Gender equality debates often arise in March, the month in which both International Women’s Day and Mother’s Day fall annually. In 2021, these debates have dominated mainstream news, following the publication of data showing the disproportionate negative impacts of the pandemic on women’s jobs and income [source: ONS data] and the tragic case of Sarah Everard shining a light on women’s safety, among other stories that have hit the headlines.

Against this backdrop, I was interested to read an article in the Economist reporting on a divorce ruling in China that has intensified the debate around gender equality in the home.

In February, a court in China ordered that a man pay his wife $7,700 for housework undertaken during their five-year marriage. The wife claimed she “looked after the child and managed the household chores while [her husband] did not care about or participate in any other household affairs besides going to work”. The article poses the question “how much is doing the household chores worth?”

Divorce asset split: the ‘breadwinner’ versus ‘the homemaker’

While the court ruling was said to be “widely celebrated”, some were said to be “disappointed with the amount awarded”. The news story highlighted the financially vulnerable position of the homemaker in China, where government policies “aimed at promoting co-parenting and protecting women’s rights” fall well short of ensuring equality.

Commenting on the ruling, one user of the social media site, Weibo, said: “Women should never be stay-at-home wives. When you divorce, you are left with nothing whatsoever.”

The law is very different in the UK but the article raises some important points about the value attributed to “work” done both inside and outside of the family home.

Divorce finances: how are the different roles couples play ‘quantified’?

In the UK, the breadwinner and the homemaker are afforded equal importance in law, when determining how assets should be divided on divorce. As the article points out, “housework is seen as equivalent to financial contributions, so neither spouse loses out financially by doing more cooking and ironing than their partner”.

The law in our country ensures that divorcing couples are not penalised for the manner in which they choose to conduct their relationship.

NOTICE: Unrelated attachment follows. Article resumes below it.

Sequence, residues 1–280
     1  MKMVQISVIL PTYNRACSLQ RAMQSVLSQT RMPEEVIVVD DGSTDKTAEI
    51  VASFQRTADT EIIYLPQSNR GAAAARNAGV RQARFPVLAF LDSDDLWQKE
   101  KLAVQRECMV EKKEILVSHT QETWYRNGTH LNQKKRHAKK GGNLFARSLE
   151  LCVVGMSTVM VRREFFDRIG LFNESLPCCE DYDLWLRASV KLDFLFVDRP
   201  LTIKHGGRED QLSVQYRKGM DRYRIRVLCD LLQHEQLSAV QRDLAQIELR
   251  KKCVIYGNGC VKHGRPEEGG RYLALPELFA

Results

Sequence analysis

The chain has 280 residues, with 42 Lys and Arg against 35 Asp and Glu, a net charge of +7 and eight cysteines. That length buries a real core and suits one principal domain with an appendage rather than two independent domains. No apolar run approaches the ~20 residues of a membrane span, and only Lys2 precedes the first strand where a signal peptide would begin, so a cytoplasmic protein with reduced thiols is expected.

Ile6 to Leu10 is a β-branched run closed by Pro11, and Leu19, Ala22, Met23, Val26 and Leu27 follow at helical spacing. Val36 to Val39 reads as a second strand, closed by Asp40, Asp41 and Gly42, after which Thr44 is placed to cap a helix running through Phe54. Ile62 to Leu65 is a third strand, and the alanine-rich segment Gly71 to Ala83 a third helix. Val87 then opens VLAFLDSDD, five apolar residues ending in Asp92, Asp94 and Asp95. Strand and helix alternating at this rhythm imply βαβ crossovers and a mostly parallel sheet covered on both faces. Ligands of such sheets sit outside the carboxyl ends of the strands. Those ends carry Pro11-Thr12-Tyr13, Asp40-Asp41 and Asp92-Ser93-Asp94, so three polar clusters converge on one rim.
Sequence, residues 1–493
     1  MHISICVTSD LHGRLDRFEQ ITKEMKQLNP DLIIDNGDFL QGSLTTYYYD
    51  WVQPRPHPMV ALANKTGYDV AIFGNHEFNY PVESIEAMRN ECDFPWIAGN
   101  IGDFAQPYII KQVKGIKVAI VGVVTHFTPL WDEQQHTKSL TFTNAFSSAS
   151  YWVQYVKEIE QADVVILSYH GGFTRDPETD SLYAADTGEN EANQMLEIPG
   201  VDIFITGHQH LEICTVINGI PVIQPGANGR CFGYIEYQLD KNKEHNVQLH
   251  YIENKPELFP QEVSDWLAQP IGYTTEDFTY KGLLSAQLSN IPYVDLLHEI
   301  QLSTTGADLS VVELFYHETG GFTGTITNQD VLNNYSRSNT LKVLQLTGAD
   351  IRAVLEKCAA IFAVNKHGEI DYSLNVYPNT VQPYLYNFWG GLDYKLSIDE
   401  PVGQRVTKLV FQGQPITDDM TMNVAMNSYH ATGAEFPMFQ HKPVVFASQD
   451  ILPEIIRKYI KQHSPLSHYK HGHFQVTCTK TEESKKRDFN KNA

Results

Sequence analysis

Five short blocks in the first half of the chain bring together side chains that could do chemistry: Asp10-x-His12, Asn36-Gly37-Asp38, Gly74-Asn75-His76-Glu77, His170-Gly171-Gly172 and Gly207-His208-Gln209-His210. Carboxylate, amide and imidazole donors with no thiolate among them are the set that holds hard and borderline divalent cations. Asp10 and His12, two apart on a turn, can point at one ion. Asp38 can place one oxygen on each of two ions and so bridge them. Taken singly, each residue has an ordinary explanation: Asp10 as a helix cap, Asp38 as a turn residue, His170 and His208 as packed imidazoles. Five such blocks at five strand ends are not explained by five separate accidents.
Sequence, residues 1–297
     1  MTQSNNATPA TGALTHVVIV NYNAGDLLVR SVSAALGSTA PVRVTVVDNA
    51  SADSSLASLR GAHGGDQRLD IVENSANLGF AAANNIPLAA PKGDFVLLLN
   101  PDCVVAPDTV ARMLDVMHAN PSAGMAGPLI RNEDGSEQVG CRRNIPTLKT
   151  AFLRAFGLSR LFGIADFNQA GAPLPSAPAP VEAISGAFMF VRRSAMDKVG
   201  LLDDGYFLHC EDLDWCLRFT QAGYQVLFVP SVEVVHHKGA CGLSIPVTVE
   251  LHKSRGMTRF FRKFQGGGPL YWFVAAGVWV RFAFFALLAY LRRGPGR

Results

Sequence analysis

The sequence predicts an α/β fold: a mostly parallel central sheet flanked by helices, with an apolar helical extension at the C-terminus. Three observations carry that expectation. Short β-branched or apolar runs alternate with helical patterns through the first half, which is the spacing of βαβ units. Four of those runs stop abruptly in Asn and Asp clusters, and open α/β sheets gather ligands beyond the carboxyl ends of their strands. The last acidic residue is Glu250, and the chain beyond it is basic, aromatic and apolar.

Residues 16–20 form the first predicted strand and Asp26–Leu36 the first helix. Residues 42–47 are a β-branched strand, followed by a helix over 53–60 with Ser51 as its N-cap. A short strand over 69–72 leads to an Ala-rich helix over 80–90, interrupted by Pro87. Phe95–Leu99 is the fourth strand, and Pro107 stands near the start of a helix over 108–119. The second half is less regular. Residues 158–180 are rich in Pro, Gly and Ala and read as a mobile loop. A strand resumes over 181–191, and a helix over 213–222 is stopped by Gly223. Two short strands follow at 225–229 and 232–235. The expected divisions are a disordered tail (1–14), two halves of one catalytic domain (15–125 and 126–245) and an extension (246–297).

White v White and the “sharing principle”

This principle was established in law following the landmark White v White case in 2001 (and subsequent appeals) and essentially means that the parties to a divorce and the contributions they make within the marriage should be treated equally, and this can therefore lead to an equal divorce asset split (unless there is a good reason for this to be departed from, but this will be at the very least an important cross-check).

Lord Nicholls pointed out in his leading judgment in White, that the objective must be to achieve a fair outcome:

“In seeking to achieve a fair outcome, there is no place for discrimination between husband and wife and their respective roles. Typically, a husband and wife share the activities of earning money, running their home and caring for their children. Traditionally, the husband earned the money, and the wife looked after the home and the children. This traditional division of labour is no longer the order of the day. Frequently both parents work. Sometimes it is the wife who is the money-earner, and the husband runs the home and cares for the children during the day. But whatever the division of labour chosen by the husband and wife, or forced upon them by circumstances, fairness requires that this should not prejudice or advantage either party …If, in their different spheres, each contributed equally to the family, then in principle it matters not which of them earned the money and built up the assets. There should be no bias in favour of the money-earner and against the home-maker and the child-carer.

I think that it is one of the more positive elements of our family justice system that our roles within the family unit, however that might be made up, are not judged on the money you earn or commercial success. If you have played the equally important role of caring for children, running the home and supporting the other in their paid employment, this contribution is rightly treated as equal to the person who went out to work (or worked more hours).

We do not quantify or ‘tot up’ the cost of looking after the family home and caring for the children as they have done in China, because there is no need. Although men are increasingly taking on more of the childcare responsibilities, it often remains the role of the female partner to care for children at home, or work part time to enable them to do so. As this issue impacts women more keenly, the approach of the Courts in England and Wales goes some way to narrowing the gender gap we see in many other parts of our society.

Some other articles that may be of interest:

Contact Nia Jameson for any kind of legal divorce advice including divorce financial advice and advice on achieving a fair divorce financial settlement, on 07815 801 482 or nia.jameson@silkfamilylaw.co.uk.

Photo credits: Gabriel Tovar (main header image), Marisa Howenstine and Filip Mroz on Unsplash.